Holt Emphasizes Need for Private Student Lending
This content originally appeared on CU Today.
During the CUNA Lending Council annual meeting, student loans - and especially refi’s - were at the front of the class as a loan opportunity for credit unions, offering low defaults, large balances and attractive margins. Credit Union Student Choice SVP and Chief Revenue Officer Jim Holt was one of the experts on hand to discuss the opportunities for credit unions.
Holt pointed to the number that has become all too noticeable, the huge growth in student loan debt. In Q2 2005 there was $370-billion in such debt; in Q2 of this year the tab was $1.19 trillion.
While multiple factors have driven that debt figure, Holt reminded, “Still, getting an education is one of the most empowering things you can do. The benefits are sustaining and predictable. It offers a 15% return (via improved income). Since the 1990s BA recipients have seen 50% higher earnings than those with a high school diploma.”
But that empowerment, coupled with costs north of $50,000 annually at some private schools, has more people “having kitchen table talks and really starting to think through these decisions. A lot of families are thirsty for information on how can they best afford college.”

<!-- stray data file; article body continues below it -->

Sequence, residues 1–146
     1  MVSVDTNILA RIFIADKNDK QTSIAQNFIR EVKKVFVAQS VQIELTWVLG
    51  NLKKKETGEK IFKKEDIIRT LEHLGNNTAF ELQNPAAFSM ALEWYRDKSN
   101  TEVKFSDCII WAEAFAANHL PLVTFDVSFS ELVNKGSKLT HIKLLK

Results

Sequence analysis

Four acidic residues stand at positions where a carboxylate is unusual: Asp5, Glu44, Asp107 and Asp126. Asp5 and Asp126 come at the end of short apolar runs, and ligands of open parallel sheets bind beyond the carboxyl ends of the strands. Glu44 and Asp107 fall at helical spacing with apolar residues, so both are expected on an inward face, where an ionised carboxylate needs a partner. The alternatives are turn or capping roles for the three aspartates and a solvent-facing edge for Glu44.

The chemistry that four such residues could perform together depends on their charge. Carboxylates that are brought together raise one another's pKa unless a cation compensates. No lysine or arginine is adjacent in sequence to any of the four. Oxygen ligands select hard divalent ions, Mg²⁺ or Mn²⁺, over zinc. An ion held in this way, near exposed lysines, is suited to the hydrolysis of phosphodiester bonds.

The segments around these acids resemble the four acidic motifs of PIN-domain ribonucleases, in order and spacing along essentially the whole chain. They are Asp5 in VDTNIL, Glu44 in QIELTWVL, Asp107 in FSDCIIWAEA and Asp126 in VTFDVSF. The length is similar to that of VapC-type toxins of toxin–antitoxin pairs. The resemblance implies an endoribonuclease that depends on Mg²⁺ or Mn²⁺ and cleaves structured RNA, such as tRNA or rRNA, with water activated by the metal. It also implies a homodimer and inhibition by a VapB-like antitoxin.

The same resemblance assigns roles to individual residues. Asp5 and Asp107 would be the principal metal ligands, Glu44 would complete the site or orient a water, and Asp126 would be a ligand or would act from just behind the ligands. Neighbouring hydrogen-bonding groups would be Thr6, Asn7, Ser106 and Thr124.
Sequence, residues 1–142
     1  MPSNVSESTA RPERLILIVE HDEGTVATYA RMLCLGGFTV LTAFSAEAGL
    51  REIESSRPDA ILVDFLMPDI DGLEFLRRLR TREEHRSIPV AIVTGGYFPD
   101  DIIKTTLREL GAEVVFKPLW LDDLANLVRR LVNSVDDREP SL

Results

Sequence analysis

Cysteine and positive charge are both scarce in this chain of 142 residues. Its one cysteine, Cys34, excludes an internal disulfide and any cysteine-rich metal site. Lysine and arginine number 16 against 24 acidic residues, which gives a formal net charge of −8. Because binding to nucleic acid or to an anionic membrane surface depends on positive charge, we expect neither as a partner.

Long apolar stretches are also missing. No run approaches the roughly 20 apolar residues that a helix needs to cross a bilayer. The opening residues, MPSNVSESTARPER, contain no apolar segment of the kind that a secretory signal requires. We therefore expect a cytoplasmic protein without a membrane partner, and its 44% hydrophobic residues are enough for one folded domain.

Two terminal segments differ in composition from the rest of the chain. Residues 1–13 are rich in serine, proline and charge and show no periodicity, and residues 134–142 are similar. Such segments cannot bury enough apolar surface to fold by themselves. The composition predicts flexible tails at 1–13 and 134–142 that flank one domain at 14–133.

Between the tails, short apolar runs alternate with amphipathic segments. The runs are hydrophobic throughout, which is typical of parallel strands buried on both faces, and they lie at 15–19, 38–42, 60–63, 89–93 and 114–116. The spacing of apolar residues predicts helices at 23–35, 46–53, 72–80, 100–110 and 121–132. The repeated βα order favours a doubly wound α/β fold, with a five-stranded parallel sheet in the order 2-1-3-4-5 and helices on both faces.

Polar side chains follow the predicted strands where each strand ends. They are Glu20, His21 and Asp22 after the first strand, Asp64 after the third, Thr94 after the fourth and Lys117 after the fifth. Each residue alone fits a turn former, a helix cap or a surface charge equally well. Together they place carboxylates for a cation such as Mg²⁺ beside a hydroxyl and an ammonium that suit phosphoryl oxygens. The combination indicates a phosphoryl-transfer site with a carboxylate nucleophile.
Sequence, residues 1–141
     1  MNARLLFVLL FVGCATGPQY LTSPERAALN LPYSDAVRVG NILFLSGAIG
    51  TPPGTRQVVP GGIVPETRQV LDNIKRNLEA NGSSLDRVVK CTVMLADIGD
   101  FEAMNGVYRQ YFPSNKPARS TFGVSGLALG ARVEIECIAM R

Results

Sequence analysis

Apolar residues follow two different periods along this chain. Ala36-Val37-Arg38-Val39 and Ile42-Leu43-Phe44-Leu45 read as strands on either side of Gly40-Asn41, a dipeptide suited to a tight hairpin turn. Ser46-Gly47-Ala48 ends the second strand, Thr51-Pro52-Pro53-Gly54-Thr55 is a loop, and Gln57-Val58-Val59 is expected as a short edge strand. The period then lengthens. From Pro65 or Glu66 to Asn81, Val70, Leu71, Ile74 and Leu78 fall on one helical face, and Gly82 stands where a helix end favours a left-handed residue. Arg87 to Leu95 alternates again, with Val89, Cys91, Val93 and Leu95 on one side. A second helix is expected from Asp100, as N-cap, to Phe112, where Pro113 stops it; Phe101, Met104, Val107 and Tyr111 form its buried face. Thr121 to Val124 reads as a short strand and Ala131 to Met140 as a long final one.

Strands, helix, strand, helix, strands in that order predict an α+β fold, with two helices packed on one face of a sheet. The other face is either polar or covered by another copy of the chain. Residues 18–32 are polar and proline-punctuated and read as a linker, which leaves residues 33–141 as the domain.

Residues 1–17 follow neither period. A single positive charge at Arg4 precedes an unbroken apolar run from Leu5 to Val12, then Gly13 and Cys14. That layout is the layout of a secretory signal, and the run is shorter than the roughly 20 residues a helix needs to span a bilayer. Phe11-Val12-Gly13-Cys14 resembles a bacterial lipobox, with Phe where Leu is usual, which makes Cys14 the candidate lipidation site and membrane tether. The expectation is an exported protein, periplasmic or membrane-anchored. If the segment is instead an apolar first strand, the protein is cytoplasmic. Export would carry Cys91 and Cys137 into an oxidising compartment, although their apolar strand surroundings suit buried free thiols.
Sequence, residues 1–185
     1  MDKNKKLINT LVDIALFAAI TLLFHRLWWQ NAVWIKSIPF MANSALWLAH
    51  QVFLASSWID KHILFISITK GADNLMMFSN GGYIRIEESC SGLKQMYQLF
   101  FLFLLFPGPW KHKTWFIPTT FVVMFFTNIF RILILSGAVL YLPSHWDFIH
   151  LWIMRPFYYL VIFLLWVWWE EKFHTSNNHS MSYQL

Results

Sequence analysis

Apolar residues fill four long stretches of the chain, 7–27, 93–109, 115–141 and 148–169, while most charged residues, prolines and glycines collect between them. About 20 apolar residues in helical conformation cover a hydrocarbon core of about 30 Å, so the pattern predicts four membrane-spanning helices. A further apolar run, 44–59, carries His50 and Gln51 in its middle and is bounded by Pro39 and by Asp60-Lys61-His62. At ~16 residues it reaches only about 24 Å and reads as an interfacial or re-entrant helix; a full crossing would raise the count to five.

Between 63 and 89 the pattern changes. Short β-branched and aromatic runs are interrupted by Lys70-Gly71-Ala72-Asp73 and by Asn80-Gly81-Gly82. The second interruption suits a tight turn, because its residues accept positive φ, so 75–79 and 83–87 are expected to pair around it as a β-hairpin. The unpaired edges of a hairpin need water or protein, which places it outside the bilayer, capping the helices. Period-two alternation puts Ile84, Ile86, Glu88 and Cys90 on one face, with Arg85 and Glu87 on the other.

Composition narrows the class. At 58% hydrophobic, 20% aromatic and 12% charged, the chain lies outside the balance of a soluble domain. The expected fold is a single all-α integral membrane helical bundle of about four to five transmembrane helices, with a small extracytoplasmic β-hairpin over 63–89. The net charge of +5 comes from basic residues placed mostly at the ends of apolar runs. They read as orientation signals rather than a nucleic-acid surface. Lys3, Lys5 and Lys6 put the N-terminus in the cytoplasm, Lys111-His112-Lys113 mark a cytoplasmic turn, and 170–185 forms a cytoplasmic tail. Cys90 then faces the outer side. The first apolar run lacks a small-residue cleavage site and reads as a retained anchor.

Holt said the average student debt per borrower is $31,252; 40% owe less than $10,000. What may surprise some, he said, is that default rates are actually higher among borrowers with less than $5,000 outstanding than those with $100,000 or more. A chief reason is the ability to leverage the education, said Holt. “Those under $5000 often didn’t graduate and couldn’t effectively leverage their degree,” he said. Many of those with debt of $100,000-plus are doctors or dentists.
“There is a need for modern, Millennial-focused financial literacy,” according to Holt. “I find it funny everybody knows how to buy a car; it’s like a blueprint passed down from your grandfather. But when it comes down to financial aid, that’s not the case. It’s a mystery, but it shouldn’t be.”
Holt said CU Student Choice has put a lot of emphasis on video content and to speaking to members individually. It adds content daily.
The education piece also applies to credit unions, he said, especially those not in the market because they misunderstand the risk.
“We’ve all heard that student loans are a heavy weight on members and affecting their ability to take out mortgages or auto loans,” said Holt. “Overall performance of student loans is high. This is a very high earning asset with low delinquencies.”
Using data drawn from nine credit unions with 8,000 student loan borrowers, Holt said the CUs averaged 58% average checking penetration; 18% average card penetration; 9% average auto loan penetration, and 6% average deposit penetration. “This is a real opportunity to leverage this relationship. This is a great way to invite these new young, promising faces to create loyalty with you.”
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